Cutting Carbs, Not Fat, May Be Best for Cholesterol Levels

When a doctor tells someone to watch their cholesterol levels, the first thing most people do is make changes to their diet. It makes sense. While 75 percent of our cholesterol is made by our liver, 25 percent of our cholesterol comes from our diet. Watching what you eat can make a big difference in reaching your cholesterol goals. However, a new study suggests that decades of dietary advice may not be accurate.

People diagnosed with high cholesterol are usually urged to eat less animal protein and avoid all saturated fat. While eating less fat and more vegetables is good advice for everyone, it might not be the best route for people with cholesterol concerns. New research suggests that cutting out carbohydrates, not fat, could be more beneficial to some people.

People with familial hypercholesterolemia, which causes the body to have a hard time clearing “bad” cholesterol, are urged to cut out fat. “For the past 80 years, people with familial hypercholesterolemia have been told to lower their cholesterol with a low saturated fat diet,” said lead author Dr. David Diamond of the Univ. of South Florida. “Our study showed that a more’ heart healthy’ diet is one low in sugar, not saturated fat.”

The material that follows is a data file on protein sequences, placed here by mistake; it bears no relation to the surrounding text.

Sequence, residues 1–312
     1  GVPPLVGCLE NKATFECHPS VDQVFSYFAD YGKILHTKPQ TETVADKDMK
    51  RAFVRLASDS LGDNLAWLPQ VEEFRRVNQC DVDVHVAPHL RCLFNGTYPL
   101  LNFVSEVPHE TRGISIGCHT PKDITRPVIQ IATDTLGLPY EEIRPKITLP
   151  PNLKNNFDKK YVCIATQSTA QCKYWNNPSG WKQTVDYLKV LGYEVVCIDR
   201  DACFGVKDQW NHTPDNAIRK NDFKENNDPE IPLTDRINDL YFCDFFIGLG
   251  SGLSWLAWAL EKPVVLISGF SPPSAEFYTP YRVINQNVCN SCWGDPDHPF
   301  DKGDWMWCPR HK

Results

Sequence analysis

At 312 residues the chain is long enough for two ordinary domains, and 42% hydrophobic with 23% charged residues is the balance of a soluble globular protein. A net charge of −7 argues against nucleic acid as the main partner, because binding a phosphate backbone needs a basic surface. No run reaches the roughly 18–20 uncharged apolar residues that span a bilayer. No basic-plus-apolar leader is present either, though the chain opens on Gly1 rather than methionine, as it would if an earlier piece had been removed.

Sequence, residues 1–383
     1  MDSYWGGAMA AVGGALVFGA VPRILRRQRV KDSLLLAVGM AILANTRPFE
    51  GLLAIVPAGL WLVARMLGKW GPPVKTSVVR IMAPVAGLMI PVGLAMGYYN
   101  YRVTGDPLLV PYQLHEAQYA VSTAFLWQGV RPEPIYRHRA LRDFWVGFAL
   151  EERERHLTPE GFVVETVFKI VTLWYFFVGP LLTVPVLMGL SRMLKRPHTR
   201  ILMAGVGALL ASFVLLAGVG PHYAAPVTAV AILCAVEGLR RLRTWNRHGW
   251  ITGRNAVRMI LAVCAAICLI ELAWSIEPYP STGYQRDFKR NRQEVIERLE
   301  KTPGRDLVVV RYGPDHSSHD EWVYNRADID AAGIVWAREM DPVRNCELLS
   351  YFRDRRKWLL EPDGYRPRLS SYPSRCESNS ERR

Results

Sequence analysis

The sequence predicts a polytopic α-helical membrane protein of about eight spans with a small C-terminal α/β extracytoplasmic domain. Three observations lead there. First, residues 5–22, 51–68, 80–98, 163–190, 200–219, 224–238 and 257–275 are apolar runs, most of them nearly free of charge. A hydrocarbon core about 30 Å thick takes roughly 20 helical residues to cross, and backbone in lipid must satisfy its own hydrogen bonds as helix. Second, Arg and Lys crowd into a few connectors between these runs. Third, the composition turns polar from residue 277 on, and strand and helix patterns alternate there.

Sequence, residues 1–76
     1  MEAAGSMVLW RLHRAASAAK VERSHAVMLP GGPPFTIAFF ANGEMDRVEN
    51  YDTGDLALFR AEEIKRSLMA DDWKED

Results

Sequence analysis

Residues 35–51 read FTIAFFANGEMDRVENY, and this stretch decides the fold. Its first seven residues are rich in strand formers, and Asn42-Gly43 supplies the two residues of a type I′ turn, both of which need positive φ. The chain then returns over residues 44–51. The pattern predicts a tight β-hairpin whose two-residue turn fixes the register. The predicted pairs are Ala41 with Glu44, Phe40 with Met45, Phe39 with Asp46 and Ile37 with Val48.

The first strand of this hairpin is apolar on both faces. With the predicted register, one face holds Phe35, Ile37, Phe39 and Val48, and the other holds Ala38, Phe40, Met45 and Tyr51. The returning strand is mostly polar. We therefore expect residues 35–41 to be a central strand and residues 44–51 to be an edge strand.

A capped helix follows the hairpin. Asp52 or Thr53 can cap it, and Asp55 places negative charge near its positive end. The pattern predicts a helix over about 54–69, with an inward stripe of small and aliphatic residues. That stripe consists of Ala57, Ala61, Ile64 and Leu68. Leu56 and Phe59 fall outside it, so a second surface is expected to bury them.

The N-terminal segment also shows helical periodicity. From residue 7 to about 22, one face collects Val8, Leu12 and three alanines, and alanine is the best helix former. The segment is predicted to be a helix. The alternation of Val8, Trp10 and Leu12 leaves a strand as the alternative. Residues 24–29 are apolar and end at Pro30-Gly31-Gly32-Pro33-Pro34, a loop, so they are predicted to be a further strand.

That means that a diet closer to keto or Atkins might be the most beneficial. The researchers said that the diet the American Heart Association suggests is best is actually based on a hypothesis that is “antiquated and evidence-free.” This new research backs up another recent study that has been reviewed and published. They suggest that, instead of cutting coconut oil, cheese eggs and beef, people should avoid potatoes, bread and candy.

This doesn’t mean you should shun starchy foods in favor of high-fat foods. It means that you should give the breadbasket a miss and not swear off eggs. As always, a healthy diet is one that you can follow without feeling deprived. You should be able to enjoy a meal out. It’s just that you should adjust your choices about what you enjoy frequently and what you abstain from.

Before making any significant changes to your diet, speak to your doctor who knows your medical history. Discuss this new research and learn whether this might be the right choice for you. New research comes out all the time to help us make better choices. It might be that this find doesn’t actually pertain to your specific health needs. As always, a diet that mostly focuses on healthy fruits and vegetables as a base is your first step. Finding out what to pair those choices with is your next step toward better heart health.
July 10, 2020
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